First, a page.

WASHINGTON (WJZ) — The U.S. Supreme Court began hearing arguments Tuesday on the Trump administration’s attempt to shut down the Deferred Action For Childhood Arrivals program that has protected more than 700,000 people brought to the country illegally as children from deportation.
Protesters gathered outside the Supreme Court as justices heard arguments in the case, which has left hundreds of thousands of DREAMers’ lives hanging in the balance, including a man who calls Baltimore his home.
“I came here at a young age because my parents made a decision to provide a better life for my family, my brother, my sister,” DREAMer Misael Garcia said.
Garcia was born in Mexico but moved to Maryland with his family when he was 12 years old. He said he’s “proud” to live in Baltimore.
Then-President Barack Obama created DACA by executive action but never got approval from Congress. President Donald Trump called the move illegal and two years ago ordered its end.
Lower courts have blocked the president and his administration’s efforts to end DACA; now the Supreme Court must decide the DREAMers’ fates.
The court is expected to make a decision by June.
Tuesday morning, Trump weighed in about DACA on Twitter.
“Many of the people in DACA, no longer very young, are far from ‘angels,'” Trump tweeted. “Some are very tough, hardened criminals. President Obama said he had no legal right to sign order, but would anyway. If Supreme Court remedies with overturn, a deal will be made with Dems for them to stay!”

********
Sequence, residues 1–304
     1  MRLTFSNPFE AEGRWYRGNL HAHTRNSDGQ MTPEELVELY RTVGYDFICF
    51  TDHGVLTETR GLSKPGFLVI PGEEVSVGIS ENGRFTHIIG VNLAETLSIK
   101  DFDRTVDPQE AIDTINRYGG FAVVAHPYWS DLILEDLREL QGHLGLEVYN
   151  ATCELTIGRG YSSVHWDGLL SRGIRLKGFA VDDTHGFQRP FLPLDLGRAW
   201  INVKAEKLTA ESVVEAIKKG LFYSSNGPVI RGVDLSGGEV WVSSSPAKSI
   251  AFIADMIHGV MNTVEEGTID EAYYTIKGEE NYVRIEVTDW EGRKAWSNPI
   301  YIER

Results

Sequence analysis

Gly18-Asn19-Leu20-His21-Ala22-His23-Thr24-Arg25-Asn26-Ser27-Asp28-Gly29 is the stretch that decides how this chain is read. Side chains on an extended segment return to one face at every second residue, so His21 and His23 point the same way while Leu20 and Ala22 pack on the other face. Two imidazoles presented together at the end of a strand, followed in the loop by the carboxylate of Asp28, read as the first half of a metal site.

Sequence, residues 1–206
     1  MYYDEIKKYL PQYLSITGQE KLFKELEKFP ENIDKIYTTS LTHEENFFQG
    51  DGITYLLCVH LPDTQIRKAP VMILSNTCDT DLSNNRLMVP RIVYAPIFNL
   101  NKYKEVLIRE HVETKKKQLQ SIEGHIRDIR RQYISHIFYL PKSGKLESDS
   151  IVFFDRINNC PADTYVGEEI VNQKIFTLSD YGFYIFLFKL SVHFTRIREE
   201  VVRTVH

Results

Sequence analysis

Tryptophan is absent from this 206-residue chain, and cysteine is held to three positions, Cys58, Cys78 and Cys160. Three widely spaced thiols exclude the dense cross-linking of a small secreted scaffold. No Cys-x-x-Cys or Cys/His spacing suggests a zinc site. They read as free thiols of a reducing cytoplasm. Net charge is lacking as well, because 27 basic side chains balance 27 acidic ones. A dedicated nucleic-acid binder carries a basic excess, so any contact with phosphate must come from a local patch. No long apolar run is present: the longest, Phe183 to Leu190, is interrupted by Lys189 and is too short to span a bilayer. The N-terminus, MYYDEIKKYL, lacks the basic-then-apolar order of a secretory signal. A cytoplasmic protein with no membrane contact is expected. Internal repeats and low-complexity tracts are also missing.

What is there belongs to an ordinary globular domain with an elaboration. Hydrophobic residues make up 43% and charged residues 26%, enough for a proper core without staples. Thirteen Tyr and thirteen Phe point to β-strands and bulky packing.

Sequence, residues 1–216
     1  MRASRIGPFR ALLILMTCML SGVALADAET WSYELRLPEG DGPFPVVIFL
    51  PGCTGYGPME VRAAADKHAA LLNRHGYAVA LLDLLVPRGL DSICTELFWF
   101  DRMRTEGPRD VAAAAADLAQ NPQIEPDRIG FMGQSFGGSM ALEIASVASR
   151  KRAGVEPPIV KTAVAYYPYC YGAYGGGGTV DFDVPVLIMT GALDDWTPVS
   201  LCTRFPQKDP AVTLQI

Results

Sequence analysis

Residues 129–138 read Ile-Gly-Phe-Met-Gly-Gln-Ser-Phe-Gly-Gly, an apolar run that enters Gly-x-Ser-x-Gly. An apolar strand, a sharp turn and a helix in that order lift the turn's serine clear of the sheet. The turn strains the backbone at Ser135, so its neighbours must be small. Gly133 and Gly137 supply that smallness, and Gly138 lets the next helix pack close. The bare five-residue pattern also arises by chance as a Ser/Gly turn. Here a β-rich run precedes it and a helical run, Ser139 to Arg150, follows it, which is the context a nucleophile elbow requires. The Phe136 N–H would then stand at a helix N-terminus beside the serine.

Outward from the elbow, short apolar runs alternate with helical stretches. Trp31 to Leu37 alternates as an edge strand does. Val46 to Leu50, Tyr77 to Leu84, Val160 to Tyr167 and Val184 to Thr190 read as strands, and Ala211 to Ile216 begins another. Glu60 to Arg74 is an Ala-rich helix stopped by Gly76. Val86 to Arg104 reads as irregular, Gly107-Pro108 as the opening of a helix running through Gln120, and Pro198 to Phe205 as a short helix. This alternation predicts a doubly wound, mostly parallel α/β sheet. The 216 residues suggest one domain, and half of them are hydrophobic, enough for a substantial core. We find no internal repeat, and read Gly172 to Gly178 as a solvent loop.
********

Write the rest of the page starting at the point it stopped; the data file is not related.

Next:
Many of the people in DACA, no longer very young, are far from “angels.” Some are very tough, hardened criminals. President Obama said he had no legal right to sign order, but would anyway. If Supreme Court remedies with overturn, a deal will be made with Dems for them to stay!
— Donald J. Trump (@realDonaldTrump) November 12, 2019
Information from the U.S. Citizenship and Immigration Services, however, says DACA recipients cannot be convicted of a felony, a significant misdemeanor or three or more other misdemeanors.
DACA recipients must have been under the age of 31 as of June 15, 2012, and come to the U.S. prior to their 16th birthday, according to immigration officials.
Back outside the Supreme Court, DREAMers chanted “Our home is here!” and “Citizenship for who? Citizenship for all!”
“We want you to see us as the true Americans that we are,” DREAMer Vicente Rodriguez said.